Disgraceful performance

JUST when we thought that the Pakistanis were turning the corner, following the creditable performance of the youngsters in the first Test in Colombo against the formidable Australia, arrives an utterly disgraceful performance from Waqar Younis' side in the second Test at Sharjah.

Scores below 60 in both the innings and the Test getting over in less than two days, was indeed a shameful performance by the Pakistanis. The drop in their form in the second Test was both alarming and inexplicable.

Predictably, it has also caused a lot of heart-burning in Pakistan, and changes appear likely at the top of the cricket administration in that country. Even considering the fact that Pakistan was taking on the mighty Australia, it will have to go down as the most shocking display by a team in a long time.

What I find baffling is that the same Pakistan side had fought back so magnificently in the first Test in Colombo, coming back from nowhere to have a clear sight at victory before Australia regrouped.

One of the factors which I feel could have caused the Pakistani collapse was the change in the conditions and the wicket, from Colombo to Sharjah.

Both the sides did not have an opportunity for a first class game, which is so essential to have a feel of the conditions before a Test. The match was played on a neutral land and the prospects for a three-day practice game were never bright in any case.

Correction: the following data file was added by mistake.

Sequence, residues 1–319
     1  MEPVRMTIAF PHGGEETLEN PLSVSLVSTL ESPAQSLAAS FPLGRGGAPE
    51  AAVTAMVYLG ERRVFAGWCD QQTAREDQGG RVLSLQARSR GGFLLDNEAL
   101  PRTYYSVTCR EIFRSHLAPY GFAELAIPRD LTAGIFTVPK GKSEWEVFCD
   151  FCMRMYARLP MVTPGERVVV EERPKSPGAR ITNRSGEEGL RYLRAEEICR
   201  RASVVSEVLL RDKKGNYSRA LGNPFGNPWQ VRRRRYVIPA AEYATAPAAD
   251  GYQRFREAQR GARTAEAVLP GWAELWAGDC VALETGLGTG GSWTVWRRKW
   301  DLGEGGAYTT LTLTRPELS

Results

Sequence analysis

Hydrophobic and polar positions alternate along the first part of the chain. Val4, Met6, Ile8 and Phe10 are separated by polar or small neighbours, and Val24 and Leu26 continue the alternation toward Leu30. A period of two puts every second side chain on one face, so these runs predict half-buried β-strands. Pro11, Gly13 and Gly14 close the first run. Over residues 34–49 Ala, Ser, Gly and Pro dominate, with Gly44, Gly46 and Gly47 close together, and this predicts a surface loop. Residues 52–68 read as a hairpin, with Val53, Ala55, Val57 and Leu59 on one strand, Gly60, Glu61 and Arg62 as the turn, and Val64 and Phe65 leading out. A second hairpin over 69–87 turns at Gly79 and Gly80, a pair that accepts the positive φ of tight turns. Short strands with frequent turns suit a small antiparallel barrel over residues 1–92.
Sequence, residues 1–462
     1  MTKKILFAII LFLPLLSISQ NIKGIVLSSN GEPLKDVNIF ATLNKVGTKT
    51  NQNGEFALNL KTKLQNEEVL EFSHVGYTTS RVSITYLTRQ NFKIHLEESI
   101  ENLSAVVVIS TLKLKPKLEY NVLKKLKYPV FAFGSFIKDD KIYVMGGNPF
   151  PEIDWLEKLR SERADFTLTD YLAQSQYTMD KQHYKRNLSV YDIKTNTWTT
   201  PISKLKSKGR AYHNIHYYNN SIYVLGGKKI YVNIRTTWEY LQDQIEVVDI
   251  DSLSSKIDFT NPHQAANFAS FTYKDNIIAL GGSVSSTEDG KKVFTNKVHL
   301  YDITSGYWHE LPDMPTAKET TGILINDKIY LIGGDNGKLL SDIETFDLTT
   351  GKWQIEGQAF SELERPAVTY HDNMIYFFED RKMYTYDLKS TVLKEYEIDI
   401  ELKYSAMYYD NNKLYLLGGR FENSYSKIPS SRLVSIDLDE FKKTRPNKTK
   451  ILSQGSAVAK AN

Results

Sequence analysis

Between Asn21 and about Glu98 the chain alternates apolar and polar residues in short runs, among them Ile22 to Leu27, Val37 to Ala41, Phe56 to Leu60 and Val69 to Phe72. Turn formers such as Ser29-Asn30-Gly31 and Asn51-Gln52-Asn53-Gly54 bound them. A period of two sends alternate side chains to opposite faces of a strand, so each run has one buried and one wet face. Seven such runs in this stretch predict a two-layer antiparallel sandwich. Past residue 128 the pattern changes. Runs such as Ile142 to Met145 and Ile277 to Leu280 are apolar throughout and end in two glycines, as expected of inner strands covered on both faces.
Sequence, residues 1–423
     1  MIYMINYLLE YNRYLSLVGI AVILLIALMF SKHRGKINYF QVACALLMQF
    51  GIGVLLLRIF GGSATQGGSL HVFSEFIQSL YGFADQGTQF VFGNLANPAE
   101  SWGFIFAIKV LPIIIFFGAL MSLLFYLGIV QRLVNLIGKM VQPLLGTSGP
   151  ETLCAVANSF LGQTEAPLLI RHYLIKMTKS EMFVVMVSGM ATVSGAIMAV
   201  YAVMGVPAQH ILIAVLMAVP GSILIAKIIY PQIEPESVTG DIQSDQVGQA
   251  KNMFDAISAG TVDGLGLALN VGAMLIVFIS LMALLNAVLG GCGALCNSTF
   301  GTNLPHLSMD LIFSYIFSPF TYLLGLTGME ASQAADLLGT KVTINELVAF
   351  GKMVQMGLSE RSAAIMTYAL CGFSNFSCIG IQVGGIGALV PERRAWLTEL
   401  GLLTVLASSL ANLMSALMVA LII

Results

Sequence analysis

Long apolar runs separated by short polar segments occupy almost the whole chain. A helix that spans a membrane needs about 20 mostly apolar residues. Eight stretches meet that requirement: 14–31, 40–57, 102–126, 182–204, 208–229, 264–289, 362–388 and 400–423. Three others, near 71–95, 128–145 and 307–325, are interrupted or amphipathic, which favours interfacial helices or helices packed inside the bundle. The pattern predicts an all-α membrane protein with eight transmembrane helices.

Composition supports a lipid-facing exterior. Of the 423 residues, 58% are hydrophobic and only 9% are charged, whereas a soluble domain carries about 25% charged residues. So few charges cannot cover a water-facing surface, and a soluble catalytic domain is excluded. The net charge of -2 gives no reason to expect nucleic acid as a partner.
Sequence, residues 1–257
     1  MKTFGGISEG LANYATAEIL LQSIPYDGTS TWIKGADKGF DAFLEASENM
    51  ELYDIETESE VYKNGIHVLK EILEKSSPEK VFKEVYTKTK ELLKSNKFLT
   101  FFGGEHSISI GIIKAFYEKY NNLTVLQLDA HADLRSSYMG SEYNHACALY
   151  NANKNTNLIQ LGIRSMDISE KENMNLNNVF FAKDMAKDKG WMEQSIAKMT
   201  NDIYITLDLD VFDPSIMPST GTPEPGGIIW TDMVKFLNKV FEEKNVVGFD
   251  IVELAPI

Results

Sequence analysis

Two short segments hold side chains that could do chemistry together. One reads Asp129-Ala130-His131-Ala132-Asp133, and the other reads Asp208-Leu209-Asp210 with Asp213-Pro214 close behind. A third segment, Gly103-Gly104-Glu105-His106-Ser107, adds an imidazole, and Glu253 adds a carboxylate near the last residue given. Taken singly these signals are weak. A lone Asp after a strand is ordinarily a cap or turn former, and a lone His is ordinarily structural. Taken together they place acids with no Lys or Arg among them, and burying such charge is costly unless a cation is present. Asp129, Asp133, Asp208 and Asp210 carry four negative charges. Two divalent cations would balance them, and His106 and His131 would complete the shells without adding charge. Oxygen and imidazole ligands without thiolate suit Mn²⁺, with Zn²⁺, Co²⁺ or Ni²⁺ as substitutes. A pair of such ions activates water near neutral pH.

You could argue that there may not be a great deal of difference between the wicket in Colombo and the one in Sharjah, but then, as we saw, there was more seam movement in the Sharjah pitch. For the Pakistani youngsters, the task of straightaway playing a Test in Sharjah, after a high-pressure series opener in Colombo, might have proved too much.

A two-day Test is not going to make anybody happy, and this includes the sponsors, the television viewers, the paying public and the administrators. Such Tests do not augur well for the game.

The International Cricket Council, when it finds itself in a situation where it is forced to hold a Test series in one or more countries, should make provision for the first class games so that both the teams are better prepared.

This, however, is no excuse for the spineless showing by the Pakistani batsmen, who tended to play too many strokes without displaying the necessary application required at the Test level.

This brings us to the bigger question. Has the standard of batting declined in world cricket? It could be true since too many of the young batsmen bring their one-day cricket approach to the longer version of the game.

It cannot be disputed that the ODIs have a dominant place in the contemporary cricketing scenario; this is where the ICC and most of the Boards earn a bulk of their money from. However, there is need to strike a balance between the ODIs and Tests.

In this regard, I am happy that the ICC, at its executive board meeting in Colombo, agreed to the demands made earlier by the captains of the Test playing countries to reduce the number of irrelevant games, and provide the players with the necessary break.